A turntable is used under the armature. This allows for quick and easy swiveling of the sculpture. It is important to constantly be moving your sculpture and to work it from all directions. This helps keep the proportions of the sculpt in place and keeps the sculptor from spending too much time on one area. The general rule of thumb is to treat the sculpt as a whole, not separate areas.

Sculpting Tools

I like to keep a variety of tools on hand, although depending on the particular sculpture, I may not use them all. These tools should be available at any good art supply house. I've broken my tools down into the following categories:

A. Loops/Ribbons - Generally, loop tools are used to remove clay quickly and in large chuncks. I keep several shapes and sizes around. It's a good idea to also have a few small ribbons around for detail work.

B. Knives - Used for cutting clay into slabs or shapes.

C. Wooden Modeling Tools - Come in a variety of shapes and sizes. Used for roughing out general forms in clay.

D. Clean-Up Tools - Great for detail and clean-up work! Come in a variety of shapes and sizes. Used for creating specific details in clay. Usually have two working ends.

E. Rubber-Tip Shaping Tools - Also great for detail and clean-up work! Come in a variety of shapes and sizes. Used for creating specific details in clay.

F. Ribs - Perfect for smoothing out bumps and uneven parts of a sculpture. Most ribs can be found made from wood or rubber. I also prefer to have a metal rib with a rake edge, which is a great tool for smoothing down a sculpture very quickly.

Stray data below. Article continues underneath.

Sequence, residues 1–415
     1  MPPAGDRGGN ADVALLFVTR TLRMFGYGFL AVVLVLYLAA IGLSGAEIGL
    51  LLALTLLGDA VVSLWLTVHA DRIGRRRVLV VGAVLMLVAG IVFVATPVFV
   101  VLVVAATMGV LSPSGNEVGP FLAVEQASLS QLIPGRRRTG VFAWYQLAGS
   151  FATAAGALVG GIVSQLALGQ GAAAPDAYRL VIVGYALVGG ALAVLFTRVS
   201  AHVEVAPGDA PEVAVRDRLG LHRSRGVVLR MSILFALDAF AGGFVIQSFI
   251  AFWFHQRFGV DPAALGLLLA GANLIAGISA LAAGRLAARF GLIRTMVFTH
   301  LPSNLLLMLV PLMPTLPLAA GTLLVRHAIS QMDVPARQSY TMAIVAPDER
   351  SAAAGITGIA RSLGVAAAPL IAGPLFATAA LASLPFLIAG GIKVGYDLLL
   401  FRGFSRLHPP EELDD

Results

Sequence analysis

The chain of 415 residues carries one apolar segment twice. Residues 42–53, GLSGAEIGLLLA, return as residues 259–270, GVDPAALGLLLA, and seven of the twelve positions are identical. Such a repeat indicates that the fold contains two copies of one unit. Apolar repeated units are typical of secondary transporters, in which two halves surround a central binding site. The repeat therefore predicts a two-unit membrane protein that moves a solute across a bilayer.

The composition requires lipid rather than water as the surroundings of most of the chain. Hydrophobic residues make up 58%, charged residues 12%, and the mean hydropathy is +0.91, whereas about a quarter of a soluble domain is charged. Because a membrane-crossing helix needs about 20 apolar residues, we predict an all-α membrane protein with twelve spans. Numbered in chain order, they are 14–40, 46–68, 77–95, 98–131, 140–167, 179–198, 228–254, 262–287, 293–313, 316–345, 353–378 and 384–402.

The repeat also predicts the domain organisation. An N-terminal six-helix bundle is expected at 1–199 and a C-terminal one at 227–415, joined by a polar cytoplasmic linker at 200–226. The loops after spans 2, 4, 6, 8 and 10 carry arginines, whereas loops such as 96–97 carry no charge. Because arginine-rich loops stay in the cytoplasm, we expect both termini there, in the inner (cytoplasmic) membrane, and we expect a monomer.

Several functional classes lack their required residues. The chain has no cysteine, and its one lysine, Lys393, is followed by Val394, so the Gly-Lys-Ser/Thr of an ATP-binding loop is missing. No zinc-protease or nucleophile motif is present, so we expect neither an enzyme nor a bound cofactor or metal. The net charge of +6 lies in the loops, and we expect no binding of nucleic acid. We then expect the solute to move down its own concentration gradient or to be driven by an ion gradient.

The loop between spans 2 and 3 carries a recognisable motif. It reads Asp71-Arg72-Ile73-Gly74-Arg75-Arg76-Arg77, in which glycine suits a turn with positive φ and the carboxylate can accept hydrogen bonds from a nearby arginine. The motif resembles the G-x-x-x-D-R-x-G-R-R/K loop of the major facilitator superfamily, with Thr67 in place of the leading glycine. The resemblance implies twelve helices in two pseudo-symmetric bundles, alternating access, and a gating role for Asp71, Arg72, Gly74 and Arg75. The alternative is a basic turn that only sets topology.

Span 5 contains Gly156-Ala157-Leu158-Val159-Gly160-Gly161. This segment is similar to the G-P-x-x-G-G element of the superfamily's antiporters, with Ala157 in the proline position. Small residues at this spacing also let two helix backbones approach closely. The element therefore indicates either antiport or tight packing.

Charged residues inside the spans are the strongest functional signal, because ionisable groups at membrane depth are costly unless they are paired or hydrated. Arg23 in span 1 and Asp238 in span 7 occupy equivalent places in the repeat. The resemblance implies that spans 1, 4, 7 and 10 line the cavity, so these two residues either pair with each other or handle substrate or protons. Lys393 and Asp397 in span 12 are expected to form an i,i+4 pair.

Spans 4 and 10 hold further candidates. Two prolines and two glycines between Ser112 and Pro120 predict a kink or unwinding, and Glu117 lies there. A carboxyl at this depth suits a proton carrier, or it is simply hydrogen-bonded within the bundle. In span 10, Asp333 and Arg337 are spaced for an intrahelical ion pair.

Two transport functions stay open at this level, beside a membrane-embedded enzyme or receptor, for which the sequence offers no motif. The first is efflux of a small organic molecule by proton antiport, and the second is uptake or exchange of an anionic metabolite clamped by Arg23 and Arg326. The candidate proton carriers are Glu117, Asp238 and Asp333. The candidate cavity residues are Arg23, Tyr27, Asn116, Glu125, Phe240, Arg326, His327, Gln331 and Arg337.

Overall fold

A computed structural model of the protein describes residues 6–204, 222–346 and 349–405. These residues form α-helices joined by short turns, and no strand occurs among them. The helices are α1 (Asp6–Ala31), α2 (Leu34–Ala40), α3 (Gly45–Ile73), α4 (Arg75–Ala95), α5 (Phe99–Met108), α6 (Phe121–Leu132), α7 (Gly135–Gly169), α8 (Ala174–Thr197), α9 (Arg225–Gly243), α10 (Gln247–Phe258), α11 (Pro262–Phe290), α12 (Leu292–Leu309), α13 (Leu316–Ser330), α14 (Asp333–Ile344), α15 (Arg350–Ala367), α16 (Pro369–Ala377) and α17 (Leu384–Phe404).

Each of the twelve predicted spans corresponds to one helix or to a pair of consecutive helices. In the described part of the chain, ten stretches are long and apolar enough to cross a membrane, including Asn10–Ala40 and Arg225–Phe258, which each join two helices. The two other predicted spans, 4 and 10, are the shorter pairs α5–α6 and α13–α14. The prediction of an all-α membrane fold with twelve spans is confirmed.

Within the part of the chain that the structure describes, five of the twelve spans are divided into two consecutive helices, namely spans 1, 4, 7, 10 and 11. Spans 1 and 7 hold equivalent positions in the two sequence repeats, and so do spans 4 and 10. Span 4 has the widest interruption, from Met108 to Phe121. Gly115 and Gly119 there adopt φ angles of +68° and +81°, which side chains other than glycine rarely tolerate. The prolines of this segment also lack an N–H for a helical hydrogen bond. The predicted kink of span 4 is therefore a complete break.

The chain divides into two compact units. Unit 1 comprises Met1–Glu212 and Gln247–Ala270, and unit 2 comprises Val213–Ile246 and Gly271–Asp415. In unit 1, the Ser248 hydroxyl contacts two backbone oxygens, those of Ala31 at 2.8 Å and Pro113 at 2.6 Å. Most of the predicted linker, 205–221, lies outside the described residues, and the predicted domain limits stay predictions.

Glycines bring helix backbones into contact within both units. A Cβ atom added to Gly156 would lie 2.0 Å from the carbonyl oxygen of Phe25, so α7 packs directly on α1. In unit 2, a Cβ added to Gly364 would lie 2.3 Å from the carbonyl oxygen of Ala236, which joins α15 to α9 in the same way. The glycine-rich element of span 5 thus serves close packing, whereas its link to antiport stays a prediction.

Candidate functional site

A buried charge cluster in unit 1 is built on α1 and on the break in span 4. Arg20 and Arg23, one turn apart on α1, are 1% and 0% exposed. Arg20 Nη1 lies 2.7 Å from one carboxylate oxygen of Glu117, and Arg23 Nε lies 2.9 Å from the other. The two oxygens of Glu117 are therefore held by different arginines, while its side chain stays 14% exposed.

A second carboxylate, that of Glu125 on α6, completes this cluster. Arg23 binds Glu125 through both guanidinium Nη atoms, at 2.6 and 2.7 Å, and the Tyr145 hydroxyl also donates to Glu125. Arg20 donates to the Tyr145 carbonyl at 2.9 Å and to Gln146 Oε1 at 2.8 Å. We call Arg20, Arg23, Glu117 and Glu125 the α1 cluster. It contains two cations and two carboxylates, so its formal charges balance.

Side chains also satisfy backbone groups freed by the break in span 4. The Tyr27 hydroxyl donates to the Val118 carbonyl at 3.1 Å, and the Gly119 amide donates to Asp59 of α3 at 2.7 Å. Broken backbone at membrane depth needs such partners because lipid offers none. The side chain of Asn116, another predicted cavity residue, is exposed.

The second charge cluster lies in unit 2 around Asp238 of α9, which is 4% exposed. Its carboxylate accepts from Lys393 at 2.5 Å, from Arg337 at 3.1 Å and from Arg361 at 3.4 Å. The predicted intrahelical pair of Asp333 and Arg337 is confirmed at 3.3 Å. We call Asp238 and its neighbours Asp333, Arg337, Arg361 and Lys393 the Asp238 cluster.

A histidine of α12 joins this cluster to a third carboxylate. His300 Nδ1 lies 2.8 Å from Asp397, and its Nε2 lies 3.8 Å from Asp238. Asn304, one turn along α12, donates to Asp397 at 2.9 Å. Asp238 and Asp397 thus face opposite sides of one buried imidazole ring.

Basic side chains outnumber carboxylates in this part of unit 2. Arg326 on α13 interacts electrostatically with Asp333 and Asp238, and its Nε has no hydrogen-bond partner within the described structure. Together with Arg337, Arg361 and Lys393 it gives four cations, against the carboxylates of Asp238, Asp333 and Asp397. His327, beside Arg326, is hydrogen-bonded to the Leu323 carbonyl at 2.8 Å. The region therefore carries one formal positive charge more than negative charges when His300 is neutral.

G. Rakes - Essential for smoothing out bumps and uneven parts of a sculpture. Most rakes are large metal loops with a rake pattern on one side. I prefer using a circular rake for creating a smooth overall skull form after I have used a metal rib.

Eye Forms

Any hard plastic or sealed wooden sphere can be used as an eye form. Using an eye form will ensure that your final mask has a perfectly round and flawless eye. It's next to impossible to sculpt a perfect sphere, and there's no need to try when you use an eye form.

Smoothing Tools

Water - is what is used to smooth down (and moisturize) water-based clay. Using a water bottle is a great way to unsure that you're not over saturating the sculpture.

Sponges - I use two types of sponges: small circular synthetic sponges, and small synthetic stipple sponges. The first is used for general and some detail smoothing. The later is used in smoothing out rake marks, and to create a perfectly smooth skull. Stipple sponges are often found in make-up supply houses as they are used to apply beard stubble make-up.

Brushes - I prefer flat headed brushes, and I keep a variety of sizes in the studio. Used to smooth out detailed areas of a sculpture, a brush is absolutely essential to giving the sculpture a finished professional look!

Texture Stamps

Texture stamps are used for applying a final round of detail to the sculpture. The stamps themselves are soft and flexible, usually made from latex or silicone. Stamps can easily be made by pouring a small amount of latex over an interesting surface texture. I purchased my first set of stamps from the Monster Makers which makes good inexpensive texture stamp sets.